Version 2.0 of the Permissions add-on is now available.
This is a major update, so I'll give you a detailed overview of what the add-on does and what has changed.
What is the Permissions add-on?
The Permissions add-on allows you to edit WordPress permissions related to publishing. Permissions gives you a single screen where you can control all aspects of what users can publish on your WordPress site.
This is a lightweight plugin that's easy-to-use and focuses exclusively on permissions related to publishing.
It's not designed to be a comprehensive plugin for all the permissions in WordPress. There are some really great plugins that do that already.
What changed in version 2.0 of Permissions?
There are three big changes in this release:
- Improved layout.
- The ability to edit core WordPress publishing permissions.
- Increased compatibility with other permissions plugins.
Change #1. Improved Layout
Permissions 2.0 has moved to a 2-column layout. Groups of Permissions are in the left column, and the Permissions are in the right column. We made this move so that it's visually easier to read and understand the options. The image below shows the new layout:
In the image above, you can see the new layout, plus the capabilities you can give to different user roles:
- Manage permissions (which means access to the settings shown in the screenshot)
- View the calendar
- View the content overview
- Edit metadata
- Move content to a different status
Change #2. Core WordPress permisisons
The Permissions add-on now makes it easy to see the default WordPress capabilities that are related to publishing. We made this change to give you full control over what your users can and cannot publish on your WordPress site.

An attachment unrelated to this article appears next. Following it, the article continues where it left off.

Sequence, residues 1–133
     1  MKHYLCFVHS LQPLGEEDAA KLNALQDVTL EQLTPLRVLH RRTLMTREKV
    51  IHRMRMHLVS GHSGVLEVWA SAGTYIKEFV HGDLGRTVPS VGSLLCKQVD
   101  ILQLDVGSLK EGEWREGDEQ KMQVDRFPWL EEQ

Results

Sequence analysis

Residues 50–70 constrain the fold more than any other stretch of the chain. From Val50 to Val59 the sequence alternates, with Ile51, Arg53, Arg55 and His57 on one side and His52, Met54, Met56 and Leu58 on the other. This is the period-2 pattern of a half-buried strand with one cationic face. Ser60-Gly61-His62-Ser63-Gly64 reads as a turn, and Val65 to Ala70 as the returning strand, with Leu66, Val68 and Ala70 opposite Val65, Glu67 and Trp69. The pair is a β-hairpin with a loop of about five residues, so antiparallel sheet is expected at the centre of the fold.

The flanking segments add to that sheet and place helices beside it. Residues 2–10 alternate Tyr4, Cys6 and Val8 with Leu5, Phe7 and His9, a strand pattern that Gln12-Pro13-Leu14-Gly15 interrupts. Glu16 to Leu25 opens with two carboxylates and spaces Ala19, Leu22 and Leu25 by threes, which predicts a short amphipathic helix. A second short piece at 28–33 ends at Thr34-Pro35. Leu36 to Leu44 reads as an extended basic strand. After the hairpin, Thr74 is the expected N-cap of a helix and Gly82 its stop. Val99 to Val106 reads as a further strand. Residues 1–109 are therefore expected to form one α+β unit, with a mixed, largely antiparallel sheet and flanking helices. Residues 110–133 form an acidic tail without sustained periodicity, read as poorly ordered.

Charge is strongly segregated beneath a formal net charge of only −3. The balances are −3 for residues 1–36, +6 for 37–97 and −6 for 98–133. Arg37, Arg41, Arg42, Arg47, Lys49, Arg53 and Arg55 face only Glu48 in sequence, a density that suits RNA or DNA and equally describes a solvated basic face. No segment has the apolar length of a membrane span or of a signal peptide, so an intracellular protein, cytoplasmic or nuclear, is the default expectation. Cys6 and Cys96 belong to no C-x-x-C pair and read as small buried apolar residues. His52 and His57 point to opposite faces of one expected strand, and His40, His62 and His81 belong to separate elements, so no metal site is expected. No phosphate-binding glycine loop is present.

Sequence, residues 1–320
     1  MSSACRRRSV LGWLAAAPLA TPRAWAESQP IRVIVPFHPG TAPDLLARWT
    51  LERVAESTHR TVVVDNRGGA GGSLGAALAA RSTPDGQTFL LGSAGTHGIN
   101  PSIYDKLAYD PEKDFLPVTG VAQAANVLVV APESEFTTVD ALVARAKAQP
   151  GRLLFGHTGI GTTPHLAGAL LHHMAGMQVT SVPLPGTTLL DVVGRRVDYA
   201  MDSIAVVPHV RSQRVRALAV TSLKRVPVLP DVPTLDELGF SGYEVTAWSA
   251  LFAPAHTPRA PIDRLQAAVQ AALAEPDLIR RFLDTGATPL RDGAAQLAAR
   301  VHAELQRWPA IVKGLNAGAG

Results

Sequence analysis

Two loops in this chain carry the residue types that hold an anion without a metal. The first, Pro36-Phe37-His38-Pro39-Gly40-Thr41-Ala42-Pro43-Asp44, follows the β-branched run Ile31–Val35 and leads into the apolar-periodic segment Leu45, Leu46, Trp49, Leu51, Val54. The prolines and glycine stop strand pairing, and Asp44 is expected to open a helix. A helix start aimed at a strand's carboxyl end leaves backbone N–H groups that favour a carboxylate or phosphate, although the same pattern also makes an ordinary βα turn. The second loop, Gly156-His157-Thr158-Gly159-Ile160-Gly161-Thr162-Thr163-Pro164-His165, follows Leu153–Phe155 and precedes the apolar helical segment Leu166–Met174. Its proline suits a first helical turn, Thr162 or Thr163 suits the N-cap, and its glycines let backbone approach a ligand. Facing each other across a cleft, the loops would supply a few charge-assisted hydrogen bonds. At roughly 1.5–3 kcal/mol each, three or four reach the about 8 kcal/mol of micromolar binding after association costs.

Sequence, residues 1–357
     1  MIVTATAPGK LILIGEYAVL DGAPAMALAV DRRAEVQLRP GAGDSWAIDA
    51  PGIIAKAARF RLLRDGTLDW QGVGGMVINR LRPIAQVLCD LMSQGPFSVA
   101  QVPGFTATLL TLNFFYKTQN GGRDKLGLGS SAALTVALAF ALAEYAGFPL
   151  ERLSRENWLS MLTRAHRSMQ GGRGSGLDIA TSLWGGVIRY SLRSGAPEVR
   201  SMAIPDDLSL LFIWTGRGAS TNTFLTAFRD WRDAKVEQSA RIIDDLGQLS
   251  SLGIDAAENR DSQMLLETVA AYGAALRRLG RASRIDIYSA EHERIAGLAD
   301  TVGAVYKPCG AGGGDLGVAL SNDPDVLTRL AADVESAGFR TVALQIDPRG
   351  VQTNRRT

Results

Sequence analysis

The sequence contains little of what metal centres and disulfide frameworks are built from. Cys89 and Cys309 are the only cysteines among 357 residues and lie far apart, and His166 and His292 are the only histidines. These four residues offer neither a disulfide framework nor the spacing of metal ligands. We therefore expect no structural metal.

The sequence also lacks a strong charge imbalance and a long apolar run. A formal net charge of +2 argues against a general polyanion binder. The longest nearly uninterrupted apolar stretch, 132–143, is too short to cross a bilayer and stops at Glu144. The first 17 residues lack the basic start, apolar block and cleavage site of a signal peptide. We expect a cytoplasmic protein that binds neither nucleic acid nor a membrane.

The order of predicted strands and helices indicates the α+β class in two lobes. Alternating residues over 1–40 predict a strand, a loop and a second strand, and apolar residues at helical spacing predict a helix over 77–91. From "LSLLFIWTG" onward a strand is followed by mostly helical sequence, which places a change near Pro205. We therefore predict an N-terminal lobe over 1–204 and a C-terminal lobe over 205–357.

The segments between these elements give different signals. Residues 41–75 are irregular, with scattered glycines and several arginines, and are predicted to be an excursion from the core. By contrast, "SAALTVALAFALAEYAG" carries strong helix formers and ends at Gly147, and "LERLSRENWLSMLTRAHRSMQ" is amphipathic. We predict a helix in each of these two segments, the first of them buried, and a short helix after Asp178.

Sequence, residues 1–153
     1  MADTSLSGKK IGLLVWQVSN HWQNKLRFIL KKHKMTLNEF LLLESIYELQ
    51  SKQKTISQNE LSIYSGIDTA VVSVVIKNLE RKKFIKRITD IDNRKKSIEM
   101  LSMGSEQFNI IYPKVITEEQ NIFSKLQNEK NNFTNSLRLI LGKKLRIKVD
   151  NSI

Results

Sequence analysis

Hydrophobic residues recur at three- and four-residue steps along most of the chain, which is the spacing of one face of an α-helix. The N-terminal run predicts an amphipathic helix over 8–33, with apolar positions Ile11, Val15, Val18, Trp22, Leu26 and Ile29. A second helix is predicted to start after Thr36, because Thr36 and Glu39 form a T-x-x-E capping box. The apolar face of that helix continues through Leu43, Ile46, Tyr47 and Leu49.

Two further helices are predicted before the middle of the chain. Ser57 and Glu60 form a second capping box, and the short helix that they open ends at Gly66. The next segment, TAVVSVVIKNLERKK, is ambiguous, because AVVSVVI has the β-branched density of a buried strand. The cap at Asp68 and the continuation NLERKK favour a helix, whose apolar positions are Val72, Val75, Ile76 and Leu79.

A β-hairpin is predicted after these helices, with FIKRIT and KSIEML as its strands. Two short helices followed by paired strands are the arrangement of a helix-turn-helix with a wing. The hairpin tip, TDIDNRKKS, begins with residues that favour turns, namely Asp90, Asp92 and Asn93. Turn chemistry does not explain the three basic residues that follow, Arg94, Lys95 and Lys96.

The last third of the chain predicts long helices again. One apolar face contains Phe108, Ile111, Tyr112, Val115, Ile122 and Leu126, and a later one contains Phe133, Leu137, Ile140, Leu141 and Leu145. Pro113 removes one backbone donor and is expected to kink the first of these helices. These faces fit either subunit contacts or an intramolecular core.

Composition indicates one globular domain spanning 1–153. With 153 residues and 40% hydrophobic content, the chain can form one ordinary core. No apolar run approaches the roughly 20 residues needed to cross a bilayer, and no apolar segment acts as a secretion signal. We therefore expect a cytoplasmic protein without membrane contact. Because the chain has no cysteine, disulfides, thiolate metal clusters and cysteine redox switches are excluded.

PublishPress will now expose the publishing permissions for Posts, Pages and other post types. This image below shows the core capabilities for Posts, as you'll see them in the Permissions add-on.
Change #3. Increased compatibility
PublishPress is based on another WordPress plugin called Edit Flow.
Edit Flow was a wonderful plugin, but many of the key features were implemented in 2009 / 2010. For example, Edit Flow/PublishPress had its own approach to user roles, and that caused compatibility problems with other plugins. Two weeks ago, we updated PublishPress to fix that.
This new update fixes a similar problem with permissions. Edit Flow/PublishPress has its own approach to permissions and was causing compatiblity problems too.
The Permissions add-on is now 100% compatible with most other WordPress user management plugins.
Permissions now relies on the default WordPress option for user roles, which is the wp_user_roles in the wp_options database table. The screenshot below shows how the permissions are stored in the database.
This change means that you can save settings in the Permissions plugin and they will be automatically recognized by any other plugin that uses wp_user_roles. For example, you can safely use the Permissions add-on alongside Members, Restrict Content Pro, MemberPress and others.
What comes next?
The changes over the last two weeks have opened the door for much bigger changes to come.
PublishPress customers have asked for much more detailed and granular permissions. For example:
- “Can I control who edits content in each post status?”
- “Can I control who can publish revisions?”
The good news is that these changes allow us to solve these requests.
Please let us know if you have any questions about these changes: [email protected]. We love to hear from you!